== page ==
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The Unity And Indissolubility Of Marriage

February 24, 2018 Our Catholic Faith No Comments

By DON FIER

As is true of the worthy reception of each of the seven sacraments, special graces are given to those who enter into sacred Matrimony. There “arises a bond between the spouses which by its very nature is perpetual and exclusive” (Catechism of the Catholic Church [CCC], n. 1638). The unique graces that are bestowed tend “to perfect the couple’s love and to strengthen their indissoluble unity” (CCC, n. 1641).
In addition to an increase in both sanctifying grace and participation in the Indwelling Presence of the Holy Spirit, they receive actual graces to assist one another in growing in holiness, welcoming and educating children, practicing lifelong fidelity, fulfilling marital rights and duties, and perseveringly bearing with one another’s faults.
Couples faithful to the vocation of marriage are given the graces to perfect their love for one another and, as we saw last week, to grow in virtue. “This love God has judged worthy of special gifts. . . . Such love, merging the human with the divine, leads the spouses to a free and mutual gift of themselves . . . [and] pervades the whole of their lives: indeed, by its busy generosity it grows better and grows greater,” declare the fathers of Vatican II.
“The constant fulfillment of the duties of this Christian vocation demands notable virtue. For this reason, strengthened by grace for holiness of life, the couple will painstakingly cultivate and pray for steadiness of love, large-heartedness, and the spirit of sacrifice” (Gaudium et Spes [GS], n. 49 §§ 2, 3).
The Catechism now examines the “goods and requirements of conjugal love,” focusing particularly on the two essential elements of marriage: unity and indissolubility. In his 1981 apostolic exhortation On the Role of the Christian Family in the Modern World, Pope St. John Paul II beautifully synthesizes what the Christian conjugal bond encompasses:
“Conjugal love involves a totality, in which all the elements of the person enter — appeal of the body and instinct, power of feeling and affectivity, aspiration of the spirit and of will. It aims at a deeply personal unity, the unity that, beyond union in one flesh, leads to forming one heart and soul; it demands indissolubility and faithfulness in definitive mutual giving; and it is open to fertility (cf. Humanae Vitae, n. 9)” (Familiaris Consortio [FC], n. 13 § 9; as cited in CCC, n. 1643).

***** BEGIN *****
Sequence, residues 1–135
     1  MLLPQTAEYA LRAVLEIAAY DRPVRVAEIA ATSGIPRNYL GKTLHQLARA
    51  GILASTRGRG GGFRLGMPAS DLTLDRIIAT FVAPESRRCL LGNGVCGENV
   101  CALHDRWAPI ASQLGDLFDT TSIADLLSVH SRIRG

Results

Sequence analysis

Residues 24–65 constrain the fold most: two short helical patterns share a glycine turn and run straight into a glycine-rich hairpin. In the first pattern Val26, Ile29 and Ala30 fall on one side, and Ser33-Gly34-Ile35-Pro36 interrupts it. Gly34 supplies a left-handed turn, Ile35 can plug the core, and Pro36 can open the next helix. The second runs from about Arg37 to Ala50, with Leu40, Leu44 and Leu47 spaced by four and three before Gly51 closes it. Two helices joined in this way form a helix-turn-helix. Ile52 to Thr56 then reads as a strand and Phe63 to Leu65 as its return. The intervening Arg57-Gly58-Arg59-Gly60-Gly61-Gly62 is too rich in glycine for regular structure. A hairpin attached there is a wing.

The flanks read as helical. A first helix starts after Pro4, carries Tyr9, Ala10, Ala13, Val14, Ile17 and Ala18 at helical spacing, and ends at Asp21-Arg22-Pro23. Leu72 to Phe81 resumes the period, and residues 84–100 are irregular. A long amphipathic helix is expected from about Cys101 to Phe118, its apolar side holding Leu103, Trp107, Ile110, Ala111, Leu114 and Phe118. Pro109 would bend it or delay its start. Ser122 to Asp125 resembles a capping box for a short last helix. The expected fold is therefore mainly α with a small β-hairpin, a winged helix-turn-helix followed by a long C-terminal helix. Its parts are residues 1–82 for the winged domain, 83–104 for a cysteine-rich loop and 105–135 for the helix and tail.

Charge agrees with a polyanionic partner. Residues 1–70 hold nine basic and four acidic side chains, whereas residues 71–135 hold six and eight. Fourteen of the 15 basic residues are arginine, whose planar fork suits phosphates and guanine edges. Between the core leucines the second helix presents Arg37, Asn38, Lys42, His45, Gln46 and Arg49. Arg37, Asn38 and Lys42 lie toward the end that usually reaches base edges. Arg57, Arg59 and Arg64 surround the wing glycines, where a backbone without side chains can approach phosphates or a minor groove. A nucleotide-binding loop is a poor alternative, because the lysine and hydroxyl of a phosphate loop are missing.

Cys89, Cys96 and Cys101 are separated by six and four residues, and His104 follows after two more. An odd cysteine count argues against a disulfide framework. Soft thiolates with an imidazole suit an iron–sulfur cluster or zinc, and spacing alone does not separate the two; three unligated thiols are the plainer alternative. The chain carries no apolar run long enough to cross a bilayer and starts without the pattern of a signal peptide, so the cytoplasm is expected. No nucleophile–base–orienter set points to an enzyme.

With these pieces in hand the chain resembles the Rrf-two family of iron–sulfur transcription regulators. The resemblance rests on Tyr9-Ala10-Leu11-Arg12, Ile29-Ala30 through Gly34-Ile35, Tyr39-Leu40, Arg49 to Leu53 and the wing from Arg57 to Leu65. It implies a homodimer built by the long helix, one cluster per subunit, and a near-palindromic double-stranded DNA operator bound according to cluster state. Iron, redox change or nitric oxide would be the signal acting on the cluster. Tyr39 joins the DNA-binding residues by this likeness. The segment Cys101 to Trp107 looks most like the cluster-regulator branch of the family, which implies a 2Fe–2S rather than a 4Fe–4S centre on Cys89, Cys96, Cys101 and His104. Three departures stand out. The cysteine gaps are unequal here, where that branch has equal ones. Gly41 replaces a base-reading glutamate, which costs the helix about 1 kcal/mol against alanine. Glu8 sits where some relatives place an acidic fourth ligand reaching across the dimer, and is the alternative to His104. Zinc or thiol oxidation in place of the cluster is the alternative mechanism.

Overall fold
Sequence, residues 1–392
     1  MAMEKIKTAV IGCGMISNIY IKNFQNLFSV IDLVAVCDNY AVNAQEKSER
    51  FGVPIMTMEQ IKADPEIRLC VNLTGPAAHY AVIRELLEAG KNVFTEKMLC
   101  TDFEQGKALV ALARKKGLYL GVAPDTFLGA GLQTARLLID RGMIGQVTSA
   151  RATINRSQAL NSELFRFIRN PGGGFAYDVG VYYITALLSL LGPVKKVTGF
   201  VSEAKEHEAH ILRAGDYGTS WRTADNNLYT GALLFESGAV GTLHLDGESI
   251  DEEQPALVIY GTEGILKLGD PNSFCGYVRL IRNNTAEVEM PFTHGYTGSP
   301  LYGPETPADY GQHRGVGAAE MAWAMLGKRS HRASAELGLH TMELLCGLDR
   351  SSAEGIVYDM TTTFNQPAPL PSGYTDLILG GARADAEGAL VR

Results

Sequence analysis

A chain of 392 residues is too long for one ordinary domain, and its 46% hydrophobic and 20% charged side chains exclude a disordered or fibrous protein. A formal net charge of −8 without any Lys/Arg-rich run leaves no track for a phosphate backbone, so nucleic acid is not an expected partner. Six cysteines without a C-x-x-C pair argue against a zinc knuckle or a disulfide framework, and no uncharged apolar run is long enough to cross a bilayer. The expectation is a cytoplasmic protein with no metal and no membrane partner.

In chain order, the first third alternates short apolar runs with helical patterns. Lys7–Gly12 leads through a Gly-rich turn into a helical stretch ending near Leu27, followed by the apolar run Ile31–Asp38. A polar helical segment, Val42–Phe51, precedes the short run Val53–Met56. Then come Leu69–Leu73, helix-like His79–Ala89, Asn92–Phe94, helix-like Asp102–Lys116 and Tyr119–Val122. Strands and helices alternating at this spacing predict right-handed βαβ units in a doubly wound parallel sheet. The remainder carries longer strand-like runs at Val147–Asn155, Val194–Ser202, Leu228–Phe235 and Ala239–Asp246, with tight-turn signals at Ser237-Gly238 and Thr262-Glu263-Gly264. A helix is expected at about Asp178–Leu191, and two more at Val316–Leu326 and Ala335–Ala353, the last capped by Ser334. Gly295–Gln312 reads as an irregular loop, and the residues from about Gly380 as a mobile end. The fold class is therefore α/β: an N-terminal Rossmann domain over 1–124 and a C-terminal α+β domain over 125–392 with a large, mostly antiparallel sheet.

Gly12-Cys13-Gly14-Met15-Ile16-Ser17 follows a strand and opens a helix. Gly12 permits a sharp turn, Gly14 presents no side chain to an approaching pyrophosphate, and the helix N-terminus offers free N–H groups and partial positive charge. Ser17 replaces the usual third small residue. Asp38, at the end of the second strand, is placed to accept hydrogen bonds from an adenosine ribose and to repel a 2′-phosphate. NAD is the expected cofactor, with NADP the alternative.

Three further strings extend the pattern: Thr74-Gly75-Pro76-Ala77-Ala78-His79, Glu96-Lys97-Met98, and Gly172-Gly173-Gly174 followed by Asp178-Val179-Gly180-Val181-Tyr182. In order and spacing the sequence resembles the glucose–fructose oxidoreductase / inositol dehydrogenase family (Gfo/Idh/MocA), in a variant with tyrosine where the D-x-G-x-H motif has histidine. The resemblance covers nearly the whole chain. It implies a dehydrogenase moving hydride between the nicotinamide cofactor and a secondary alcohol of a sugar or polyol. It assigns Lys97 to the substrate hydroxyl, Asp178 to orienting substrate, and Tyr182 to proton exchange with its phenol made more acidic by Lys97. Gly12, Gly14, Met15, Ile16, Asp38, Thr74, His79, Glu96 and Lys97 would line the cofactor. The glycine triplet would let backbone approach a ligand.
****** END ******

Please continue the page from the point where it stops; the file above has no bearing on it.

Indeed, as Sacred Scripture states, the two “become one flesh” (Gen. 2:24; Matt. 19:5; Eph. 5:31).
The Catechism goes on to clearly state that “the love of the spouses requires, of its very nature, the unity and indissolubility of the spouses’ community of persons, which embraces their entire life” (CCC, n. 1644).
Likewise, the 1983 Code of Canon Law (CIC) unequivocally states that “the essential properties of marriage are unity and indissolubility, which in Christian marriage obtain a special firmness by reason of the sacrament” (canon 1056).
In precise terms, what is meant by these two terms in the context of marriage?
Before defining them it is important to recall that these indispensable qualities are inherent in the institution of marriage itself. Consequently, the Church teaches they are properties of marriage in virtue of the natural law — they apply to all marriages, not only to those of Christians. However, as was stated earlier, they “obtain a special firmness by reason of the sacrament” for baptized persons who validly enter into a marriage covenant.